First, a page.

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PostPosted: 27 Feb 2012, 19:02 
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Location: Duesseldorf, Germany
Hey again,

sorry for the late one.
Quote:
I hooked up the wires coming from the transformer, but left the amplifier section disconnected. It did not blow the 6.3 amp fuse, but I am unsure as to what to check for before proceeding.
OK, i have a better overview now. The fuse can't blow when you switch on the PSU. The transistor on the PSU board switches the relais on or off. I think you guessed right.
When the amp section is disconnected, the transistor doesn't switch the relais and the transformer's AC outputs are cut off from the rectifier bridge.
Quote:
Would that capacitor cause it to not power up?
Actually not. The cap is mounted to eliminate the switching noise or switch arcing.
Are you talking about the blue disk shaped cap mounted under the power switch? Is it not a simple ceramic disk cap (22nF or somewhat)??
Quote:
With the amp section disconnected, what should I check/measure/verify before connecting the amp section?
Good point. Actually nothing now.
The only thing you can do now is connect the PSU board molex (24, pwr, 12+, 12-) to the amp board and see what happens. My guess is that the relais should switch on and
the fuse (6.3A) could blow short after. The power caps should charge up fast and they behave like a short circuit in the first moment. 6.3A is little weak then.
The amp doesn't have a "soft start", but the "low power" section (24V and 12V) is seperated from the power section. The fuse might survive...
Don't you have some 10A fuses?? This would really help a lot.

Now - when you can get the PSU up and running with the low voltage molex connected, it is sure that the transformer doesn't have a short on the primary winding...
BTW - I don't believe that the amp section is gone bad... I have the bad feeling that the only problem is the fuse or the transformer...

_________________
Cheers,
Tom.

Some of my projects: TDA2050 Chip Amp, the LM3886 Gainclone Thread and the Szekeres Headamp Thread.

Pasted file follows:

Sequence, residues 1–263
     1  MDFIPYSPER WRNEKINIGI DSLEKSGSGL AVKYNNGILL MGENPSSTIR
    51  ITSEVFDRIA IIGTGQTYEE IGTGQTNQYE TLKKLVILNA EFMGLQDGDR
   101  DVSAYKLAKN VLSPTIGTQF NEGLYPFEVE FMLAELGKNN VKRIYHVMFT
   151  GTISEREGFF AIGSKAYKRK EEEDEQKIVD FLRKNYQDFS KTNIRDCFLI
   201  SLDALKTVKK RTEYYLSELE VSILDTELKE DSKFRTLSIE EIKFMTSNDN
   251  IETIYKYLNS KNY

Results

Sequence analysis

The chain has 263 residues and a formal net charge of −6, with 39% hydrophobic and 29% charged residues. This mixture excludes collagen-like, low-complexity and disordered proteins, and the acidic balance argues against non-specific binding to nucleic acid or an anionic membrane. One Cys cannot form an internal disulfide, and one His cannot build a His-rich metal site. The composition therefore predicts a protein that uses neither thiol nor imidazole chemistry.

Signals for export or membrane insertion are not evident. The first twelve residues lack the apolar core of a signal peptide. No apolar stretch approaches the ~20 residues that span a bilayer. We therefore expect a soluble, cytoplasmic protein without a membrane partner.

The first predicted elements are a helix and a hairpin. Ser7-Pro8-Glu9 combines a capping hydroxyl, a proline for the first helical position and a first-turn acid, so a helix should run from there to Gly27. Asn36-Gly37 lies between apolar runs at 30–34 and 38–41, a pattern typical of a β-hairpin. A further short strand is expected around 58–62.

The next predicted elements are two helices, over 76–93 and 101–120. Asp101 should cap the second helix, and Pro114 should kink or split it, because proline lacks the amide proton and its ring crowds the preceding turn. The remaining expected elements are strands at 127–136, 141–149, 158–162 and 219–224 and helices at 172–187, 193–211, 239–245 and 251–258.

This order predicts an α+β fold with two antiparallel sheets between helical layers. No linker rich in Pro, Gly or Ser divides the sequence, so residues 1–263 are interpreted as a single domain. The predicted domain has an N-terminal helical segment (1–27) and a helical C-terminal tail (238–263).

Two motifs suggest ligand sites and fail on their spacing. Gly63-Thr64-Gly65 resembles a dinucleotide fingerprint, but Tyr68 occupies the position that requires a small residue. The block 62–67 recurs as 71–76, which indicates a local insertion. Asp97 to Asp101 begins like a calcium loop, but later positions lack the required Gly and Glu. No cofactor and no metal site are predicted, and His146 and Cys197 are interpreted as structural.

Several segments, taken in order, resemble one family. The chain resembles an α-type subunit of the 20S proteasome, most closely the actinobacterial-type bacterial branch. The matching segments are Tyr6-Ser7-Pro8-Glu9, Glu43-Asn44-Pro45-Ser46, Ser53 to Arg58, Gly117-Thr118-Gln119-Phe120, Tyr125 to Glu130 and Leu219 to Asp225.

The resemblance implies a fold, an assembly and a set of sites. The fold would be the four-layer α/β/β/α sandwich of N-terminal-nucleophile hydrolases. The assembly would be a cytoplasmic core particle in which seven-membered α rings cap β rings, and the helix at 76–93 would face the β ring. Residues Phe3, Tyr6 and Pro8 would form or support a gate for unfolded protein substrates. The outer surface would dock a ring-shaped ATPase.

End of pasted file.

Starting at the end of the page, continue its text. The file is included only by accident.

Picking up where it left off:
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PostPosted: 28 Feb 2012, 00:12 
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Joined: 25 Jan 2012, 15:39
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Hey Tom, good to hear from ya. The cap I am referring to is a rectangular, 275V .19uF item and it is soldered to the power leads where they enter the back of the amplifier...on the back side of the IEC connector. I don't think it should effect functionality, but I ordered some anyway and will put it in when it arrives.

I will hook everything back up tomorrow and try to fire it up, fingers crossed. I don't have any 10a fuses. I can't find any around here. The 6.3's are the closest I can find.


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PostPosted: 28 Feb 2012, 14:40 
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Joined: 15 Jan 2011, 10:53
Posts: 41
Location: Darmstadt, Germany
Hi,

as the cap is mounted across the power lines only a type X capacitor should be used. The cap you described is part of the line input filter and should therefore be treated with special care.
You probably won't get far with a 6.3 A fuse. Your multimeter seems to be of the clamp type, so you can safely check the power consumption of the amplifier while it's turned on. That will give you an idea if there are problems with the amplifier PCB.


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PostPosted: 28 Feb 2012, 14:59 
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Joined: 25 Jan 2012, 15:39
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ferdinandkeil wrote:
as the cap is mounted across the power lines only a type X capacitor should be used. The cap you described is part of the line input filter and should therefore be treated with special care.

Yes, you are correct. It is an X2 type of capacitor. 0.15uFK 275V X2 to be exact. The closest I could find was a 0.22uFK 275V X2 model. I assume the small difference in capacitance will not negatively effect it?
ferdinandkeil wrote:
You probably won't get far with a 6.3 A fuse. Your multimeter seems to be of the clamp type, so you can safely check the power consumption of the amplifier while it's turned on. That will give you an idea if there are problems with the amplifier PCB.

Well, I'll give it a shot with the 6.3 and see what happens. If it blows, I'll order some 10A's. I will give this a try when I get home in a bit.


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PostPosted: 30 Oct 2016, 16:18 
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Joined: 30 Oct 2016, 16:16
Posts: 1
Did you ever get it working? I stumbled across this searching part #'s for my Amp300 that I have been troubleshooting. Perhaps your expertise with this power board can help me. There is already a lot of info regarding my problem here: http://forum.allaboutcircuits.com/threa ... ir.128825/